Book Review: Travellers to Unimaginable Lands

Travellers Unimaginable Lands

This review was written for and first published by Bookmunch.

“Whenever Peter and his mother argued, part of him believed that if he just found the right words, his mother would understand and everything could be resolved”

An increasing number of books are being published, fiction and nonfiction, that explore aspects of clinical conditions indexed under the label of dementia. An aging population means more people will have to live with this debilitating disease – as patients and carers. Most literature I have read on the subject to date focuses on the patient, perhaps with the aim of providing comfort or elucidation to carers. Relatives, in particular, of those whose brain function is deteriorating can come to feel guilty and alone as they struggle to remain calm when dealing with what feels like an onslaught of personally targeted vitriol. They may know logically it is the illness talking but such attacks, often repeated and denied, come through as perceived criticism of necessary interventions and can be challenging to take.

Travellers to Unimaginable Lands documents the author’s personal experience alongside case studies they have worked on as a counsellor to caregivers. Kiper explains why a healthy human brain will naturally struggle to deal with someone whose cognitive functions are being eroded. In clear and persuasive language she details how humans are psychologically programmed to expect certain behaviours, and if these are not forthcoming there will be stress reactions. Loved ones can cause deeply felt upset as they use shared history and long running reproofs as weapons drawn from within their illness.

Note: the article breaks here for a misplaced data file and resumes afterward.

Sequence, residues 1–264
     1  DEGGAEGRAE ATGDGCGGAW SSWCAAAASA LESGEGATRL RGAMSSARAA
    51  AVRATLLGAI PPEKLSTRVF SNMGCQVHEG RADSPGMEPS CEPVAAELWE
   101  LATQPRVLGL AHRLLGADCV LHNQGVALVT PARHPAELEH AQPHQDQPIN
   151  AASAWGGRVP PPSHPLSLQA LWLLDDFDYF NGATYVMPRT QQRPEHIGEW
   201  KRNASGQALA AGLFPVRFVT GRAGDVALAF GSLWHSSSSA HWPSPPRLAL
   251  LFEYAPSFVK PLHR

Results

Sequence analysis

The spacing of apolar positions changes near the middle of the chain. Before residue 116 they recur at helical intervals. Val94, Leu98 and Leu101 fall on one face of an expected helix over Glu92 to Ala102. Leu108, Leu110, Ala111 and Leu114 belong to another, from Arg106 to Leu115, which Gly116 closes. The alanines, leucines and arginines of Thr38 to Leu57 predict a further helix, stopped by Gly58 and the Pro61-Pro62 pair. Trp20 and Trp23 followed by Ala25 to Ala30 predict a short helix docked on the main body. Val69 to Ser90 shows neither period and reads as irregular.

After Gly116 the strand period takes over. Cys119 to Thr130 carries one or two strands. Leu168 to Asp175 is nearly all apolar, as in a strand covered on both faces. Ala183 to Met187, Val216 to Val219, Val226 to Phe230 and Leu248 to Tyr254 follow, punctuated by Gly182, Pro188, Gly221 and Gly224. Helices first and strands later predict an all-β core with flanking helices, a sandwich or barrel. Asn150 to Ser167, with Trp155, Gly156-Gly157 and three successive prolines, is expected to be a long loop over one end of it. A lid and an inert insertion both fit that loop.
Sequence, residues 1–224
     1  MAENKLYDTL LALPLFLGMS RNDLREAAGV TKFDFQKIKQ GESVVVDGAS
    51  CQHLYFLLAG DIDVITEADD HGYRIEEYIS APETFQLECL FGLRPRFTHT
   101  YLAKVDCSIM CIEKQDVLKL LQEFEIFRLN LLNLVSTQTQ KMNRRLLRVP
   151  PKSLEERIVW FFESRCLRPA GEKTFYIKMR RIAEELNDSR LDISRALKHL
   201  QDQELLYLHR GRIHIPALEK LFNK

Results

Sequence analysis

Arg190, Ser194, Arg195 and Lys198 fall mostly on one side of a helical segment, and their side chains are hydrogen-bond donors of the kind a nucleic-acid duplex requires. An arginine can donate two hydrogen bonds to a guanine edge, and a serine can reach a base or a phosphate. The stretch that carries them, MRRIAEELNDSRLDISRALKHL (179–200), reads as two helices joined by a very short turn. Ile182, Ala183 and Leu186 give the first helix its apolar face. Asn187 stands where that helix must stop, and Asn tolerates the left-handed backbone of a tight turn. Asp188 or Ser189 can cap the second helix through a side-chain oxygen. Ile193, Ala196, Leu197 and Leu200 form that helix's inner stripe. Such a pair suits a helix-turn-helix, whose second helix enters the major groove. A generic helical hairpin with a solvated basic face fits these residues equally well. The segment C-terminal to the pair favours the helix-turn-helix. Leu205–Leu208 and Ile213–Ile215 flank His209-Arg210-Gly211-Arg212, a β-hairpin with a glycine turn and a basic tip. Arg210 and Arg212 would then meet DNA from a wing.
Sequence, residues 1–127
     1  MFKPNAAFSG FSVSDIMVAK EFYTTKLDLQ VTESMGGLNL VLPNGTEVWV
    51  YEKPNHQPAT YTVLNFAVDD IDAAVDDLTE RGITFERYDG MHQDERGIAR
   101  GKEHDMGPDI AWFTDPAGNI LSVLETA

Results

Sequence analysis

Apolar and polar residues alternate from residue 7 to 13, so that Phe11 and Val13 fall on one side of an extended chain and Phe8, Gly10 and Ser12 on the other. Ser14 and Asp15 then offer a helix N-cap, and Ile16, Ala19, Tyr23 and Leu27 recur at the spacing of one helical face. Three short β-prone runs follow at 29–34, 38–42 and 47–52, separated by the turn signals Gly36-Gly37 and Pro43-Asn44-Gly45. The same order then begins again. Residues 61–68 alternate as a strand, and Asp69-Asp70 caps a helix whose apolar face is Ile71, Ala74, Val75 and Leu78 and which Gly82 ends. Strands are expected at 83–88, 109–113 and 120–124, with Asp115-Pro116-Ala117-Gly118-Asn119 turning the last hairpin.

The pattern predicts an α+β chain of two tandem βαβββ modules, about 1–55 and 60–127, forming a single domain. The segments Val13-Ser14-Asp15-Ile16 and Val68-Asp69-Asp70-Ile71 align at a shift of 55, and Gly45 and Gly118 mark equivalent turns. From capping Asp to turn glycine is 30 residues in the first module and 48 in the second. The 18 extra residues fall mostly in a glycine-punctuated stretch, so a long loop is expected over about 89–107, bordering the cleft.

“when caregivers are yelled at, lied to, ignored, unfairly accused, or not recognized, how can this not affect their sense of self?”

Also examined is how the mind processes memory. Just as there is an orbital blind spot of which most remain unaware, as the brain fills in the gap and vision appears complete, so memories are rebuilt each time aspects are recalled – and can therefore differ over time. The roles of conscious and unconscious decision making are discussed, something that enables a dementia sufferer to conceal symptoms of their illness, especially in situations they have long performed within such as social or work contexts. We all like to feel in control yet are often driven by reaction rather than considered action.

“what makes the self truly sneaky is that it believes itself impervious to outside influences, whereas in fact it collapses all too easily under the weight of social pressure”

The various case studies explore why a patient may behave in certain ways. An individual’s actions and arguments often stem from their life experiences although this may be masked by how the illness manifests. Carers’ reactions to situations they have struggled with are then delved into by the author. Knowing it is the disease driving behaviour will not always be enough to prevent the healthy brain reacting as comes naturally, often resulting in deep feelings of guilt.